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Lecture 5

PSY 105 Lecture Notes - Lecture 5: Fear Conditioning, Sleep Deprivation, Neuroplasticity


Department
Psychology
Course Code
PSY 105
Professor
Kristin Vickers
Lecture
5

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Chapter 5: Learning
Learning: experience that results in relatively long-lasting change in the state of the learner. Can occur with awareness
(explicit learning) or without awareness (implicit learning).
- Learning is divided into 2 major categories:
-Associative learning: change that occurs as a result of experiences that lead us to link 2/more stimuli together.
-Non-associative learning: change based on experience, but happens when we change magnitude of our response to a
single stimulus.
Non-associative learning: learning involves changes in magnitude of response to a (single) stimulus
- 2 major types of non-associative learning:
-Habituation: leaning where repeated or prolonged exposure to a stimulus leads to a gradual reduction in responding.
Has clear adaptive value because it allows organism to ignore stimuli that do not convey information of biological
significance. Is in part the result of depleted neurotransmitter and decrease in response with learning.
-Sensitization: learning involves altered response after presentation of a single stimulus. Increase in response with
learning.
Learning alters the brain
Neural plasticity- nervous system’s ability to change:
a. Growth of dendrites and axons
b. Synaptongenesis
c. Pruning
d. During learning: long-term potentiation (LTP)
Types of associative learning:
-Watching others: observational learning
-Rewards: operant conditioning
-Making connections: classical conditioning
Classical Conditioning: when a neutral stimulus leads to a response after being paired with a stimulus that naturally leads to a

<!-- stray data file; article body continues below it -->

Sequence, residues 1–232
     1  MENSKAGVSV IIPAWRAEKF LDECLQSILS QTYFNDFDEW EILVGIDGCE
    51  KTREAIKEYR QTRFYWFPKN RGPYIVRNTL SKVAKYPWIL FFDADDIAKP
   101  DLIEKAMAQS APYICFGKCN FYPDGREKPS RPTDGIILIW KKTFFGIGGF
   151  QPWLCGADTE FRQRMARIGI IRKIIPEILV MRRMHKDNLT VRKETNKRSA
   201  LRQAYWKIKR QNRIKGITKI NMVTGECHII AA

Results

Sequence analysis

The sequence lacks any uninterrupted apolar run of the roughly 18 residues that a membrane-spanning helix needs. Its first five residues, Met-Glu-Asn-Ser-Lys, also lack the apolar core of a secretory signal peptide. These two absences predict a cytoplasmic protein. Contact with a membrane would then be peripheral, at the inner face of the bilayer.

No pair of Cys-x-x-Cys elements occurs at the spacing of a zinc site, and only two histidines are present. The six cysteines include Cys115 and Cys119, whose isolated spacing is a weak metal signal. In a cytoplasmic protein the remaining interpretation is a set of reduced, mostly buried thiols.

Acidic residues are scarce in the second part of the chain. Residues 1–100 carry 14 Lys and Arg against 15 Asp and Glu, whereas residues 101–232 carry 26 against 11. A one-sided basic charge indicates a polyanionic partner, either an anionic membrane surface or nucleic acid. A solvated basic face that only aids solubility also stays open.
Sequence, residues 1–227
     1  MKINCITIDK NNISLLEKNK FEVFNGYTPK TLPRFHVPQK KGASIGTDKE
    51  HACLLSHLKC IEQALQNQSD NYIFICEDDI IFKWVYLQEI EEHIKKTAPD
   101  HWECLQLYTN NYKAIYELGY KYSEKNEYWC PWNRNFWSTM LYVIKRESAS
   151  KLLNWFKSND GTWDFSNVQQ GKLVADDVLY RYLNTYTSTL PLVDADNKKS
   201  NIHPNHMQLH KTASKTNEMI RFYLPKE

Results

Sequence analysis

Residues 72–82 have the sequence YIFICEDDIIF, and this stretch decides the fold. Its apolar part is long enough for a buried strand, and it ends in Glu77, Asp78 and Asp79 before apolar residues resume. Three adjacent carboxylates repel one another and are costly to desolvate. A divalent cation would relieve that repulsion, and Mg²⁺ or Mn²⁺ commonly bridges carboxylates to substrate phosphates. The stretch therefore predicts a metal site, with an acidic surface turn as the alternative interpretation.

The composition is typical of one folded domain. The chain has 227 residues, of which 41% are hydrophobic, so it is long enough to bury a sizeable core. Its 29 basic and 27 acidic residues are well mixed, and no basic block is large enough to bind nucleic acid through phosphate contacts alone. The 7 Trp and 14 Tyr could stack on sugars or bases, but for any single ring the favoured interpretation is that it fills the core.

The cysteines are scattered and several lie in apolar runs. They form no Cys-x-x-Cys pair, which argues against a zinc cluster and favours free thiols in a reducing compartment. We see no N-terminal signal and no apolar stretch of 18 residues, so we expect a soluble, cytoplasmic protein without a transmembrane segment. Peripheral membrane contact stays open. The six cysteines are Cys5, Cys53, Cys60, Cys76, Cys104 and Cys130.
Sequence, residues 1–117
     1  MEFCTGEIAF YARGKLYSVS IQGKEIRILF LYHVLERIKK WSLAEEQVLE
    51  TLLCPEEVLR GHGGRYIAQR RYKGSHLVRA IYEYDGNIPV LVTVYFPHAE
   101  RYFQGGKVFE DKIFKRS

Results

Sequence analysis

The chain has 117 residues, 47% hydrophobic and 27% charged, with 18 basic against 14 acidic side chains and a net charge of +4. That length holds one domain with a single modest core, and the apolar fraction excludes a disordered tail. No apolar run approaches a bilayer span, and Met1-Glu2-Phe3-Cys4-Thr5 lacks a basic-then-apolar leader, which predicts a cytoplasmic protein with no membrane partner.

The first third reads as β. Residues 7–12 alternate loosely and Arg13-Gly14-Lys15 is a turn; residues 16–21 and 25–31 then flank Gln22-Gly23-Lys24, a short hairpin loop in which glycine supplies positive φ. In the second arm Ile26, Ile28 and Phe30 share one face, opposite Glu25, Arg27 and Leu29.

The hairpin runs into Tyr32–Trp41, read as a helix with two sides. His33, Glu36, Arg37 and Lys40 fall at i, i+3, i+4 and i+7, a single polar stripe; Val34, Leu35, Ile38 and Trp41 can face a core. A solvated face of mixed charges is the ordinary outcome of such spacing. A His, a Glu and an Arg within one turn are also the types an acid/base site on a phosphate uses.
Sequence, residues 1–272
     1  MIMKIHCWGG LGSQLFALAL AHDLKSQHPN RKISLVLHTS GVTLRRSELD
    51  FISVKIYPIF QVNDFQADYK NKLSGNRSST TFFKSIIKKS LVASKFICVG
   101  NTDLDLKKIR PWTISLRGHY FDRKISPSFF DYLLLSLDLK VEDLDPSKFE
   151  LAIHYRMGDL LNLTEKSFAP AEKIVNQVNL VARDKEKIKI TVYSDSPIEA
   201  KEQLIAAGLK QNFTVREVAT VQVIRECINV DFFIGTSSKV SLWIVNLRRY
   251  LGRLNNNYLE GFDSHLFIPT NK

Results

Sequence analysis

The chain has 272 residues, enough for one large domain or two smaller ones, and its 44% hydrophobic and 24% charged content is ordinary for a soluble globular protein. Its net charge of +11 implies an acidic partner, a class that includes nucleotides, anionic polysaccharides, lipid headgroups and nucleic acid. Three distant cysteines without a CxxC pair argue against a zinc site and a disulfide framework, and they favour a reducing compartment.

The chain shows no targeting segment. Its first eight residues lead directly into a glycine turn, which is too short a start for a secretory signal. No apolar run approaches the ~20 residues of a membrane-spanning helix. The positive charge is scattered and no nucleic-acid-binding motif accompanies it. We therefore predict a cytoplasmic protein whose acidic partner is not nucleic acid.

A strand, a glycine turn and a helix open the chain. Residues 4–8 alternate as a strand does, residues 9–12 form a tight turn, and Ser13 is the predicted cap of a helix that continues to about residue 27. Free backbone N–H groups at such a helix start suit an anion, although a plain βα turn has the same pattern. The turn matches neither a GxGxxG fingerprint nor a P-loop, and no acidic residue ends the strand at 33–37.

response. Ex. loud noises whenever a light is turned on.
Basics of classical conditioning:
-Unconditioned Stimulus (US): stimulus that on its own elicits a response in the absence of learning
-Unconditioned response (UR): physical response elicited by a unconditional stimulus; it does not need to be learned
-Conditioned Stimulus (CS): neural stimulus that eventually elicits the same response as unconditioned stimulus with
which it has been paired.
-Conditioned Response (CR): physical response (reaction) elicited by a conditioned stimulus; it is usually the same
as unconditioned response. Produced by conditioned stimulus.
Stimulus discrimination: when organism learns to emit a specific behaviour in the presence of a stimulus, but not in the
presence of stimuli similar to the original stimulus. Ex. lab rat gets shock (US) when it hears tone (CS). It can be taught to
discriminate different tones, high tone (shock) and low tone (no shock).
Acquisition: acquiring of a learned response as a result of the pairing of a neutral stimulus with an unconditioned stimulus.
Extinction: weakening & eventual disappearance of a learned response because the conditioned stimulus is no longer paired
with the unconditioned stimulus
Spontaneous recovery: reappearance of a learned response after its apparent extinction.
Generalization: once a response has been conditioned, the tendency to respond in a similar way to stimuli similar to the CS
(conditioned stimuli)
-Ex. Infants can tell difference between their mother’s voice and the voice of other women
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